Tag Archives: percutaneous intervention

Percutaneous ventricular restoration therapy

Percutaneous ventricular restoration therapy

This is a new form of device therapy for heart failure. The device used is Parachute implant® (http://www.cardiokinetix.com/).

Parachute implant is an umbrella shaped device that is inserted into the left ventricle.

Pathophysiological basis of use:

–          In post MI patients there is progressive LV remodelling (progressive dilatation of the               left ventricle).

–          This dilatation of the ventricle increases the LV wall stress.

wall stress = (LV pressure  × LV diameter)÷  ( 2×LV wall thickness )

–          Increased LV wall stress increases LV afterload

–          Increased LV afterload worsens the LV dysfunction.

What the device does:

This device is useful in patients with old anterior and antero-apical infarctions and LV             dysfunction.

–          Parachute implant separates the dilated apical portion of the left ventricle from the                 normally contracting LV.

–          There by improves the LV geometry

–          Reduces the LV afterload

–          Improves LV function

Data regarding efficacy:

In a recent study presented at ESC heart failure congress,

–          There was a significant reduction in LV end-diastolic (120.8 vs 103.8) an end-systolic volumes (87.6 vs 73.2) at 12 months after parachute implant. There was significant increase in LVEF (28.4 vs 30.4).

–          Symptomatic improvement

–          Improvement in functional class

–          It might improve heart failure related admissions and mortality.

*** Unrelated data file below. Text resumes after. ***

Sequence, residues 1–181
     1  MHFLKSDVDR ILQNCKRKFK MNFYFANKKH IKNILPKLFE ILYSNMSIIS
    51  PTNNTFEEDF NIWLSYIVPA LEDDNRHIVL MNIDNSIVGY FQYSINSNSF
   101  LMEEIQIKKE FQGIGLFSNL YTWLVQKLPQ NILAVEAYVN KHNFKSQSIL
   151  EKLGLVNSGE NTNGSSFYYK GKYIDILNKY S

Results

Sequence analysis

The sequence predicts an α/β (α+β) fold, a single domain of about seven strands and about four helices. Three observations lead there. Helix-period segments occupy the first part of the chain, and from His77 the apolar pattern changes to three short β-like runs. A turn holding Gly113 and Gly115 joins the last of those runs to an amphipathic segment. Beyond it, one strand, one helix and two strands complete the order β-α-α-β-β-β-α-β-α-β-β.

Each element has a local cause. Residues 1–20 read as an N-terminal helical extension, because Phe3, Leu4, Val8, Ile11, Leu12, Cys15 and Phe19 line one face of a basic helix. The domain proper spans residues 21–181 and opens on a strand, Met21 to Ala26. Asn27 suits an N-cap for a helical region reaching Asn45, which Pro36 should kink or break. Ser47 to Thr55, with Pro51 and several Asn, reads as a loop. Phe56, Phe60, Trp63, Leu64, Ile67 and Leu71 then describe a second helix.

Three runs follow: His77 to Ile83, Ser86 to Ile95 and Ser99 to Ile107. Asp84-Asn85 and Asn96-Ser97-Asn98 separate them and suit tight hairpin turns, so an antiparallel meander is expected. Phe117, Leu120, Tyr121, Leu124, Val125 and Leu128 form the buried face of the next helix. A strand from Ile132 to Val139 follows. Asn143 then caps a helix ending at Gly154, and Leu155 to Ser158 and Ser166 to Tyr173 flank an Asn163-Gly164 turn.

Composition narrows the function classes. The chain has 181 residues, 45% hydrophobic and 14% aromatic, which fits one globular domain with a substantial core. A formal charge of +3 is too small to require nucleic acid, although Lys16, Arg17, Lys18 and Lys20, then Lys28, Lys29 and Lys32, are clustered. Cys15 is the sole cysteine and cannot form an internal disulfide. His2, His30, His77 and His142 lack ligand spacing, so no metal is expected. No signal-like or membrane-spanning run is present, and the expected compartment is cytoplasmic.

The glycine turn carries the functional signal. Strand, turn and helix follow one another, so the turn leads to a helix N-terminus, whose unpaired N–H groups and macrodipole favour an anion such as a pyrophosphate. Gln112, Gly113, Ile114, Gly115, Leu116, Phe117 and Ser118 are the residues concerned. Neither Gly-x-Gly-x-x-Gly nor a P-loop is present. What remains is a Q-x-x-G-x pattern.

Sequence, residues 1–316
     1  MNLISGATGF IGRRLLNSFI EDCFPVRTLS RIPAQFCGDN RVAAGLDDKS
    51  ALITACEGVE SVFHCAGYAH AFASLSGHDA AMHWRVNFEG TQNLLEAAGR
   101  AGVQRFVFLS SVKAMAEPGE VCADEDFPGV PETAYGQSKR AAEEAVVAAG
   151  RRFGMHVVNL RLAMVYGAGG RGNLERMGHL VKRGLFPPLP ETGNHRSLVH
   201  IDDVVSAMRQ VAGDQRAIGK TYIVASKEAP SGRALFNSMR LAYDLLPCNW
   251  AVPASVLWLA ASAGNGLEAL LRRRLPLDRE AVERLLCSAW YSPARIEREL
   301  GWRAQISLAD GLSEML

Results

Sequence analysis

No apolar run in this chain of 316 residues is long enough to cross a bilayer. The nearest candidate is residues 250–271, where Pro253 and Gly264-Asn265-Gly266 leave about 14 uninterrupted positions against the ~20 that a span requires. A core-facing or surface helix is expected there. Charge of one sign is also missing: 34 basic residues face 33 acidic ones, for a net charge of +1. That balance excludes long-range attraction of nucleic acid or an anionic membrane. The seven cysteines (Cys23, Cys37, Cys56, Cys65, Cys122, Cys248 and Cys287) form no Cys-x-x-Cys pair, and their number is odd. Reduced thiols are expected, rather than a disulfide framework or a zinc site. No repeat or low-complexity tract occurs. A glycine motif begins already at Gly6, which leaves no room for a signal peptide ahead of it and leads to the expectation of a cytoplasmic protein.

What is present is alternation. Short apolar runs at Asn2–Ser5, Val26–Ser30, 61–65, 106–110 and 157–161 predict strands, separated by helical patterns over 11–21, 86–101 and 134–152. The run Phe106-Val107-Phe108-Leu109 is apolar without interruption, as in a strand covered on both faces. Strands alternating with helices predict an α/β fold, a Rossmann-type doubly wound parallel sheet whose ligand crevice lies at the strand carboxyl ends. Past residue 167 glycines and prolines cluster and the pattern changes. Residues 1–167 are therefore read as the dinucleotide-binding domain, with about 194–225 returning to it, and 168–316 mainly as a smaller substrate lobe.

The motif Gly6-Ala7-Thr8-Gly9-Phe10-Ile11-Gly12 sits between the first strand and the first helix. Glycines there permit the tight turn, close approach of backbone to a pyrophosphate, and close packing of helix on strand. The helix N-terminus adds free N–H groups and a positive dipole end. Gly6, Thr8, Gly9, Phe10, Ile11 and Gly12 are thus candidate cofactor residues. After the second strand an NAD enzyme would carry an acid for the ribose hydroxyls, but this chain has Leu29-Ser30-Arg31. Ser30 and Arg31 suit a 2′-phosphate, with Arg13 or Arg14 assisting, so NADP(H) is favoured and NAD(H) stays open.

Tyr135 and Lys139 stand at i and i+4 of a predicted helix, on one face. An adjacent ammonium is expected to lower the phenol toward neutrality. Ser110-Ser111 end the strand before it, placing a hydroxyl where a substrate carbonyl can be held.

Risks:

–          Interference of the device with papillary muscles or apical chordae tendineae is unknown

–          Risks and consequences of dislocation.

–          Thrombo-embolic risk.

Ongoing Trials:

PARACHUTE IV

 Conclusion:

This device represents a percutaneous alternative for LV reduction surgeries. Long term safety and efficacy results to be seen.

Renal artery denervation in post-stenting patients

RENAL ARTERY DENERVATION FOR HYPERTENSION REFRACTORY TO STENTING

A new study published in Journal of endovascular therapy (2014;21:181–190) has evaluated the efficacy of renal denervation therapy for hypertension refractory to renal artery stenting.

The study included ten patients (6 women; mean age 70.0±5.1 years) with an office systolic blood pressure >160 mmHg despite taking ≥3 antihypertensive drugs and uni- or bilateral renal artery stenting. These patients were treated with RDN. Radiofrequency (RF) energy was delivered to the native segment of the artery keeping a 5-mm safe distance from the stented segments. Standardized office and ambulatory blood pressure measurements, medication, and renal assessment, including renal duplex ultrasound and renal function, were determined at baseline and on follow-up to 12 months.

 

Office BP  (systolic/diastolic) at baseline was 190.0±20.4 / 84.2±10.1 mmHg. It decreased to 171.1±28.7 / 82.2±8.7, 165.5±28.4 / 76.1±7.4, and 158.3±14.2/ 75.5±9.5 mmHg (p<0.01) at 3, 6, and 12 months after RDN, respectively. Average ambulatory BP (systolic/diastolic) after 6 and 12 months decreased by −7.6/ −3.1 and −11.3 / −5.1 mmHg (p<0.05).

There was no renal artery (re)stenosis, dissection, or aneurysm within 12 months.

Creatinine, cystatin C, and glomerular filtration rate remained unchanged.

Urine albumin excretion decreased in 4/10 patients.

Renal resistive indices improved in native, but not in stented renal arteries within the follow-up period.

RF-based RDN can be safely and effectively delivered in patients with resistant hypertension and previous renal artery stenting.”